Om Malik posted recently on something I’ve been thinking about a lot: namely, the tension between one-size-fits-all social networks such as Facebook and a more personalized approach using blogs and tools such as Moveable Type and WordPress, both of which have been adding more social features (including WP’s purchase of Buddypress). Bijan Sabet of Spark Capital also posted on this topic, and said that an interest in more social blogging tools is why he invested in Tumblr, and as Om points out, Chris Messina and a group of other developers have also been working on a broader standard for such things through what they are calling the “DiSo” or distributed social project.
Blogging isn’t for everyone, obviously. There will always be those who prefer to use Facebook-style networks — or even Marc Andreessen’s Ning.com — because of their simplicity, and hopefully those networks will be able to “federate” or share information with blogs and blog-based social networks, using OpenID or some other similar standard. For those who want more control over their online data and destiny, however (a group I would like to think is increasing), I think blogs and blog-based tools are the best route, and could be a lot more flexible than any other option given the plug-in friendly nature of WordPress.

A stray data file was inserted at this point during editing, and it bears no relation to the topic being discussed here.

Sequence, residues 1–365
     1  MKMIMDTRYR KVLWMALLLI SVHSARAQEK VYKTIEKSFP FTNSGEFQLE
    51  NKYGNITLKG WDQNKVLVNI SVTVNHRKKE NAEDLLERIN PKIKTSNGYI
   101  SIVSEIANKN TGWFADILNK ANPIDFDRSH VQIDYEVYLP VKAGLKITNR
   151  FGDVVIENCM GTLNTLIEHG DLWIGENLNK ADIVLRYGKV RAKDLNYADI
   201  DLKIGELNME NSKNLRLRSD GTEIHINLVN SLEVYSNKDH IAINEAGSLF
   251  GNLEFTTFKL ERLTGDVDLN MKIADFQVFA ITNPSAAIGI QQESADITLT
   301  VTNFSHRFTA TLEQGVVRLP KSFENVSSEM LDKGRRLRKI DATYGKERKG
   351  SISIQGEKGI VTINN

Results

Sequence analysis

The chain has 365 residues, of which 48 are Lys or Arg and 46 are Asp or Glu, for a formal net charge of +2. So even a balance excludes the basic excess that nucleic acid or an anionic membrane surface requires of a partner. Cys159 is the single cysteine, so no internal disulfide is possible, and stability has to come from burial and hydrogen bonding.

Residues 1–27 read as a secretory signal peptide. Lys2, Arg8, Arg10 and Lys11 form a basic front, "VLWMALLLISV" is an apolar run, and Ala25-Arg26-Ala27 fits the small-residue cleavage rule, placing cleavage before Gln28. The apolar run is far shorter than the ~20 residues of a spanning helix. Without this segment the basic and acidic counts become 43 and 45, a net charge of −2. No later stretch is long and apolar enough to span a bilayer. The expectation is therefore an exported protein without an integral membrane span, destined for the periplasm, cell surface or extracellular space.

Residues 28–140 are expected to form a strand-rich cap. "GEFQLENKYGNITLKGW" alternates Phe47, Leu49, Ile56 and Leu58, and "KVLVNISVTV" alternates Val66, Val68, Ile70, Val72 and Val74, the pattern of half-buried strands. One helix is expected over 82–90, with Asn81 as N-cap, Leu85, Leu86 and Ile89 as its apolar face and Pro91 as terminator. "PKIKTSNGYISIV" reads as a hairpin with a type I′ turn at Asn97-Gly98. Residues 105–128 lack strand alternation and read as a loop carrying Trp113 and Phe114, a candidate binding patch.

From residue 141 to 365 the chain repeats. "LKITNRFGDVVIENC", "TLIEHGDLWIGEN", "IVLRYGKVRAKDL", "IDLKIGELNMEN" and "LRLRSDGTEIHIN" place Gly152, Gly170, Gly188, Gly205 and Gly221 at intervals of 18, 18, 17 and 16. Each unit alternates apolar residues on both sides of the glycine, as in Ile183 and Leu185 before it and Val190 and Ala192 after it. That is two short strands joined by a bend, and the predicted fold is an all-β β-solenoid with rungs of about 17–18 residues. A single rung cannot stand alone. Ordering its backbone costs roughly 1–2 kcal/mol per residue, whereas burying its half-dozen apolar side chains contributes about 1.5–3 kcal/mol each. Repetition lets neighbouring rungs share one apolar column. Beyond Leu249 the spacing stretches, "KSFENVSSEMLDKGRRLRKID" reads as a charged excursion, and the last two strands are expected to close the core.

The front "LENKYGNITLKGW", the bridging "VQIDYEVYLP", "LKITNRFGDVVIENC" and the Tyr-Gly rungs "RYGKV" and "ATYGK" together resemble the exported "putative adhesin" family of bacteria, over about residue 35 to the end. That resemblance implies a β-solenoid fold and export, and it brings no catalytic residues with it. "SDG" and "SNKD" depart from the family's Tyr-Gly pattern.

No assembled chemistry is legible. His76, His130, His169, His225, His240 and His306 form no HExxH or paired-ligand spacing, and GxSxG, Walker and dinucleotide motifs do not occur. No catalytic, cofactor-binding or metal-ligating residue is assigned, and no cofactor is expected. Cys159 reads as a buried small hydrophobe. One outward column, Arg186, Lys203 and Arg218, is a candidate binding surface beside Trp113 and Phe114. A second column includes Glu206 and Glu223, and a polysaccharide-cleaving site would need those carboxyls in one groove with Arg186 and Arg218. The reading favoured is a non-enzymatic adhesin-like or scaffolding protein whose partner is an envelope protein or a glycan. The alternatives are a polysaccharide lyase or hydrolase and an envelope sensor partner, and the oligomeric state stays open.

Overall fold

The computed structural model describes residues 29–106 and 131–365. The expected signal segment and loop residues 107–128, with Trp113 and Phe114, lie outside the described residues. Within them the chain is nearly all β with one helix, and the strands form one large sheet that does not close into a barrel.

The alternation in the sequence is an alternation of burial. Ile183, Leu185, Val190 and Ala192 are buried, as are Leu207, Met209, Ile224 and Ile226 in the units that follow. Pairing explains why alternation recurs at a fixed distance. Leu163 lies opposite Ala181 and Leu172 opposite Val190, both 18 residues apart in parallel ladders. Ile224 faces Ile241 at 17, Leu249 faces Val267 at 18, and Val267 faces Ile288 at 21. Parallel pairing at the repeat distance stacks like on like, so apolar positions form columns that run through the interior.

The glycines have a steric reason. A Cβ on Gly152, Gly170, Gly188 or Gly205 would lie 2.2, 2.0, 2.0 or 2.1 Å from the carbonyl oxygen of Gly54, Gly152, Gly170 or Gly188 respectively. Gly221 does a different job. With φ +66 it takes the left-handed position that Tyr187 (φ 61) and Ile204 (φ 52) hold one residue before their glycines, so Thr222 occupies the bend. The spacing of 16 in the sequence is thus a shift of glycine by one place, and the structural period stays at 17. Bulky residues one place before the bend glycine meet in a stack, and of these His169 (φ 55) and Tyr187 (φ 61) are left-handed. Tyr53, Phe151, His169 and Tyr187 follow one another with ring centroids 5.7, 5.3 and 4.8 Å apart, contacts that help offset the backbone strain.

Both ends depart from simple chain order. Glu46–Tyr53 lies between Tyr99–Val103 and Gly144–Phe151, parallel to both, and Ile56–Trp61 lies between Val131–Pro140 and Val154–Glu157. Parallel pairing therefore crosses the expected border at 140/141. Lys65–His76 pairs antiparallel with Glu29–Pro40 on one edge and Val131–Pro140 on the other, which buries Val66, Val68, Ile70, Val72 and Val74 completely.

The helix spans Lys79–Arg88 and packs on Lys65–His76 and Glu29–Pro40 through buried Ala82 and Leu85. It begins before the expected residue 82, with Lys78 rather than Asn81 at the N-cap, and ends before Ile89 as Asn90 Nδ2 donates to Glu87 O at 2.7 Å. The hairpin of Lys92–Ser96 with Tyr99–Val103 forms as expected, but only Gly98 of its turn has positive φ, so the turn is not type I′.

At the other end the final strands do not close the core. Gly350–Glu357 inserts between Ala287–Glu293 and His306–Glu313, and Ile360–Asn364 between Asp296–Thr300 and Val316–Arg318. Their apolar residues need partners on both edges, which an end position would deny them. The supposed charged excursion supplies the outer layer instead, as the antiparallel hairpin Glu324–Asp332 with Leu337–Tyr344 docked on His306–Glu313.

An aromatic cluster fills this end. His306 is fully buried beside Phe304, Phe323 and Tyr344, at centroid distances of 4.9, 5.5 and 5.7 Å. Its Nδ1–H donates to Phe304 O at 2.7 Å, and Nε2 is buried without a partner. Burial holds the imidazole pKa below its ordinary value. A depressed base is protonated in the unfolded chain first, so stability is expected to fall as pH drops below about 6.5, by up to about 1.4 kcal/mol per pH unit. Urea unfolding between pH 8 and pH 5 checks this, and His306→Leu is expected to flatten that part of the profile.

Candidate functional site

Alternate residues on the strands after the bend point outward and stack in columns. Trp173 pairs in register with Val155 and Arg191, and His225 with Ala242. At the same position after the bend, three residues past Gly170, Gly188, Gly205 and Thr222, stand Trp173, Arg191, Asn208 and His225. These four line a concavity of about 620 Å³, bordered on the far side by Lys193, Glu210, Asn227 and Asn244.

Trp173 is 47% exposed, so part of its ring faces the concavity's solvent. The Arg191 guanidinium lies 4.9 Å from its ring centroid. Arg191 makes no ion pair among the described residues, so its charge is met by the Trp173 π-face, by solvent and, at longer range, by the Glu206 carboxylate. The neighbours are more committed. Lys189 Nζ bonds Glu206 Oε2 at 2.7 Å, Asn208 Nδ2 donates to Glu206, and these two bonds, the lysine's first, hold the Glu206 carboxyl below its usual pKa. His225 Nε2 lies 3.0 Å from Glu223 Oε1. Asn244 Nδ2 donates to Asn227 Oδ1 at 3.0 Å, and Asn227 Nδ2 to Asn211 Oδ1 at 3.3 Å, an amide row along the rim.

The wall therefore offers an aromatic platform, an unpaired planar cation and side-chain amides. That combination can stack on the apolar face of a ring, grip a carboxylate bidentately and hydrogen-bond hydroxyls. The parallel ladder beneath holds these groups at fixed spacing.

There’s also a lot of potential for integrating blogs with tools like Twitter (or Jaiku or Pownce), as well as Friendfeed and others. Om has some interesting things going on along those lines, some of which he announced at the Wordcamp conference this weekend — including a Twitter-feed style micro-blog called GigaOm Daily (more on that here) and a development effort at dev.gigaom.com, where he and the GigaOm team are planning to release something called Gigalogue. According to the description, it is “inspired by” Prologue, a WordPress theme that turns the blog publishing platform into a kind of group Twitter micro-blog, and there are some more details about it here.